Due to the current climate we will not be holding any get togethers for larger groups at the garden for the immediate future.
As it begins to sink in that things will be different for a while, many of us have felt a little deflated at times, but the power of the garden continues and, in more ways, than one. Mental health awareness week was an opportunity for us all to talk from our hearts about what might be going on in our heads. Looking after our mental health has never been more important, it is vital we find these moments to pause, drop in on ourselves and ask, ‘how am I really feeling right now?’
With much focus placed on happiness as the key, we often don’t allow space for the whole spectrum of emotion that makes us truly human. To feel it all and hold it gently with kindness matters most. Green spaces allow us the physical space to breathe and find this mental space. Right now, they are flourishing. Maybe if we nurture one space the other will always follow.
By Vanessa Goldbert of Southsea Green
Saturday 23rd May 2020
GARDENING AND A.A. MILNE
Appreciating that many people enjoy my little gardening poem's published in this column, but did you know that the Author and Poet A.A. Milne, famous for his story, “Winnie the Pooh” was also a keen gardener.
In his book, “The Day's Play” first written in 1910 he has written a short chapter on gardening.
“Never plant spring onions and potatoes in the same bed”, he exclaims.
By mistake he thought the Onion bulbs were daffodil bulbs However, they were infact young onions that had actually brought tears to the eyes of the new potatoes he had planted to such an extent that the potatoes were too damp for baking or roasting and had to be mashed. He thought mashed potatoes were beastly.
He tended his Asparagus like a child, placing a hot water bottle in the Asparagus Bed. (I think hot water bottles were made of stone in those days).
In my former Guest house in St. Ronan 's Road, Southsea I had wondered why there were gaps between the two layers of bricks in the walls of the vegetable garden. It was to burn straw and keep the fruit plants, grown against the wall, free from frosts, I gathered.
As for Rhubarb, he planted this in his flower garden in-between the rows of Carnations which, he claimed, “excellently improved the complexion of the flowers tenfold”.
By Irene Strange Patron & Garden Poet
Saturday 16th May 2020
Back in the Summer of 2019, I visited Southsea Green with Enham Trust to participate in some community work with the class. The day had turned out to be an absolute scorcher, with the sun high in the sky and the bees and butterflies going about their business. I instantly felt a sense of calm was over me as I stepped into the garden.
We all got designated jobs to do, mine being to upcycle one of the benches by repainting it. I chose various shades of purple, pinks and yellows, like the colours of wildflowers. The other students busied themselves with tasks like watering the plants and tidying up. Towards the end of the day, we joined together to paint some pebbles to take home with us and to enjoy a refreshing drink after all our hard work.
I'm really glad I got to have this wonderful experience, everyone there was incredibly lovely, kind and welcoming to all of us, I'm looking forward to going again!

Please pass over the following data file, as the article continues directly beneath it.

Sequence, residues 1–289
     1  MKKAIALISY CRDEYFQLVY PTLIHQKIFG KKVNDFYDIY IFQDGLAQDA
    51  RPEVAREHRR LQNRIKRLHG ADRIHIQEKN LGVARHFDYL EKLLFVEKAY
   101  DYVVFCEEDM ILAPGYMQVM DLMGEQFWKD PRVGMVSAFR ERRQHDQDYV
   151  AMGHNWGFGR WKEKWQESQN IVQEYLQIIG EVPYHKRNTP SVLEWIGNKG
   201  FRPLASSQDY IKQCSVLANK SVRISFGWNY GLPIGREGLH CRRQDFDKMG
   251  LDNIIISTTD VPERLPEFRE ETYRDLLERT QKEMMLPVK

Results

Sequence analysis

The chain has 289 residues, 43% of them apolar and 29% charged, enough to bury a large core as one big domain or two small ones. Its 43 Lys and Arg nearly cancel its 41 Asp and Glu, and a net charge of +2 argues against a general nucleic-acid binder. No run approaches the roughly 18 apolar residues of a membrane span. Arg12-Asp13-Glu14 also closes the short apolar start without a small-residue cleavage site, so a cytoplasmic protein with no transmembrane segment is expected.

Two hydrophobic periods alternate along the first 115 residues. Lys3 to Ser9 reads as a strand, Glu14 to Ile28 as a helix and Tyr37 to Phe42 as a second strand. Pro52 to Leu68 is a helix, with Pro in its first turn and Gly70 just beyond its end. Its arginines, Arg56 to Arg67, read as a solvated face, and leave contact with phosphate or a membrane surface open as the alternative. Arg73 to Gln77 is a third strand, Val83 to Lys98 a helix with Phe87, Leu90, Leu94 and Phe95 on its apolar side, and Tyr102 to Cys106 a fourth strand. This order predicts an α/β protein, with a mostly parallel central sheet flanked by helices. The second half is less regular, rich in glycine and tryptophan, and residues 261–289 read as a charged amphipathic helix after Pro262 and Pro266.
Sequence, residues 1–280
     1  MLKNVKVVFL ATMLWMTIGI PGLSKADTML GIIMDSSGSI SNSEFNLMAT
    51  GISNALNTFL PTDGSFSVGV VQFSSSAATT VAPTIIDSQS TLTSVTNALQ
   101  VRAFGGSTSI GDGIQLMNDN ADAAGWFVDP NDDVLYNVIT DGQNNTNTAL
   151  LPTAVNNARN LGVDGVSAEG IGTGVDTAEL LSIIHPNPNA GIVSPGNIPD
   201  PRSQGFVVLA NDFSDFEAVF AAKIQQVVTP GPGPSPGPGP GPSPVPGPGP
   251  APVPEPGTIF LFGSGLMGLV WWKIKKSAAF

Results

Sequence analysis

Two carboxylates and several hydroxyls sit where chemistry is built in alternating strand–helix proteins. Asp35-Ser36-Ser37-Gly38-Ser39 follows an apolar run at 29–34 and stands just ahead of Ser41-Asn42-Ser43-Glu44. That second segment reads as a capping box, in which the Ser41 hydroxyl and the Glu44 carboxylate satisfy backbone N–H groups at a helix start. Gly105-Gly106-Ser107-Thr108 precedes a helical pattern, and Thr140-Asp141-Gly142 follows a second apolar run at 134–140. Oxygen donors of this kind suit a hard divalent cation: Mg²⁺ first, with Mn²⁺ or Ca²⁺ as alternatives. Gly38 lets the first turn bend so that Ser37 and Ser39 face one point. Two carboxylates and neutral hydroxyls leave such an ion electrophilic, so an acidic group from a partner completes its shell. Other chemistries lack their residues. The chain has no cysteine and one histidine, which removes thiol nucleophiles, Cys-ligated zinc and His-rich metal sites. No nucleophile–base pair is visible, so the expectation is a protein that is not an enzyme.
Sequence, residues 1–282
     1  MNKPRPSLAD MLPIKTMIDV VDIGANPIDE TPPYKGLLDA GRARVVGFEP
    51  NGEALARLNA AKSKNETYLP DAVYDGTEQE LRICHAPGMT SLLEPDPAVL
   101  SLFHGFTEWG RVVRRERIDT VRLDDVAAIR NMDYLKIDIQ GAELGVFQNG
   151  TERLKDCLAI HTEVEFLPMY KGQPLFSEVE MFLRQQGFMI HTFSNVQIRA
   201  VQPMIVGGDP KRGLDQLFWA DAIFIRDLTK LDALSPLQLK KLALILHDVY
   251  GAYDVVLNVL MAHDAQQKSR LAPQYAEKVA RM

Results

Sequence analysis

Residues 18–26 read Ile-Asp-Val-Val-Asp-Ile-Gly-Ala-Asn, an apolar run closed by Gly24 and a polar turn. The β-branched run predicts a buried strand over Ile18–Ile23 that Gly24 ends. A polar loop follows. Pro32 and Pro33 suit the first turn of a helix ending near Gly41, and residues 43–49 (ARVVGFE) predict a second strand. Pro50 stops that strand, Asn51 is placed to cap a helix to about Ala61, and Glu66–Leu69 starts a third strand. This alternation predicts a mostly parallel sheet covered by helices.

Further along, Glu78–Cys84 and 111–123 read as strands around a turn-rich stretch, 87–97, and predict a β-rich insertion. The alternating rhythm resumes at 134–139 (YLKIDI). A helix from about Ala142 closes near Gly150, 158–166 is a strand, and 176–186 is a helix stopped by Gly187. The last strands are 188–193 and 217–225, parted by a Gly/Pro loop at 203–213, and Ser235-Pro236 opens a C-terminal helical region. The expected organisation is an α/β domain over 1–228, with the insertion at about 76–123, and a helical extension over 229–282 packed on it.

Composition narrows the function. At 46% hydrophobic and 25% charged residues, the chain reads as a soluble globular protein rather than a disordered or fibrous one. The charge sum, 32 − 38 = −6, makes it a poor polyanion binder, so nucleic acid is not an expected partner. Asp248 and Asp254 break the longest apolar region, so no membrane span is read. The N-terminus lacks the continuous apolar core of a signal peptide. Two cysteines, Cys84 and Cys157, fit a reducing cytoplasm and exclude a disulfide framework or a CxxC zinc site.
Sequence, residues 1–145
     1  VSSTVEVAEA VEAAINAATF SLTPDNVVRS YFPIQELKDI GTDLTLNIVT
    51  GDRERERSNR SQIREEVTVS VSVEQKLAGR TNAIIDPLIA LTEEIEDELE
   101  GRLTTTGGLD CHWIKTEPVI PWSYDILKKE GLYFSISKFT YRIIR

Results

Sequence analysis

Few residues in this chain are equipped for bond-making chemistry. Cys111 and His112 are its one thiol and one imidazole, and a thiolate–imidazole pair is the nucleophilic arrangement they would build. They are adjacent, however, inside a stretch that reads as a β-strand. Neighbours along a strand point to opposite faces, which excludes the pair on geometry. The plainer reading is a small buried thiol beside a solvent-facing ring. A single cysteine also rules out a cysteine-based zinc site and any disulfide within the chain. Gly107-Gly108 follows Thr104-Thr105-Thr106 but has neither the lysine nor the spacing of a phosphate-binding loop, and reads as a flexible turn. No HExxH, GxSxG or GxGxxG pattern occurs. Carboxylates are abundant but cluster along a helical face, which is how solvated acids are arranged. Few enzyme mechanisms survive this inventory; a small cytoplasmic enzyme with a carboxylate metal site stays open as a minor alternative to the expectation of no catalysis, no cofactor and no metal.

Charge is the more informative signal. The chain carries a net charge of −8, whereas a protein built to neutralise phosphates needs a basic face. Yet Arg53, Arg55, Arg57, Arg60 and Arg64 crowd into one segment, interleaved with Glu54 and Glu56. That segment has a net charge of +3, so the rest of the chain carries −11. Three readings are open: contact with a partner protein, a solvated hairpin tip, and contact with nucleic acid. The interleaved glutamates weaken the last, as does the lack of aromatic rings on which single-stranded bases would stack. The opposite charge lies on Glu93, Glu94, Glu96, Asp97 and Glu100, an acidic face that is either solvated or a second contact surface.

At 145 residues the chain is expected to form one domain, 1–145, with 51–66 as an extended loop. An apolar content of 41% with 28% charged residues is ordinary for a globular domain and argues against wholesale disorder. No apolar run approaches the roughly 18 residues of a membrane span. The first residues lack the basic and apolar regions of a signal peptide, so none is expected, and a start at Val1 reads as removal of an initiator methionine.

Saturday 9th May 2020
May!! What a wonderful month of the year, plants growing boldly and with such vibrancy, everything really beginning to thrive. Spending so much time indoors during these glorious months is feeling painful for so many of us. Now more than ever it’s about making those moments spent outside really matter, for us to connect with all our senses and absorb nature’s beauty like never before.
The Southsea Green garden continues to thrive and we’re keeping things happy until our doors can open once more. Whist looking forward to these times we think of the positive impact the garden already has on those who come inside to explore. Next week sees a special article written by one of our young visitors and supported by Vik Burnand, a more fabulous volunteer you’d be hard pushed to meet! So, keep your eyes peeled for their words and a chance to reflect on our love for Southsea and it’s beautifully vital green spaces.
By Vanessa Goldbert
As we approach May our green spaces are really starting to show us what miracles a little sunlight can do. Seeds are sprouting, buds unfurling and shoots striving ever upwards. At times like these this extra light and warmth is a real treat as we all begin to appreciate the small things like never before, realising that they were the big things all along.
Sunshine can change our perspective, allow us to see things in a different light, but we must remember that when the sun does not shine, and our skies seem cloudy that the blue sky is still there. Weather is transient, and these worrying times will too pass. As French novelist Marcel Proust once said, ‘The real voyage of discovery consists not in seeking out new landscapes but in having new eyes.’ We can look forward, but there is still beauty right here and right now.
By Vanessa Goldbert
The sowing and planting season is here! In spite of the corona virus you can work in your garden or on the allotments. March is the big sowing month in the veg garden. Down here we are usually ahead of the game, but the weather decided otherwise. It is good to go now though Our season can start earlier but extends later. If you are a little late to begin, you will still get very good crops. Plant onions and garlic sets as soon as the soil allows - Broad beans too.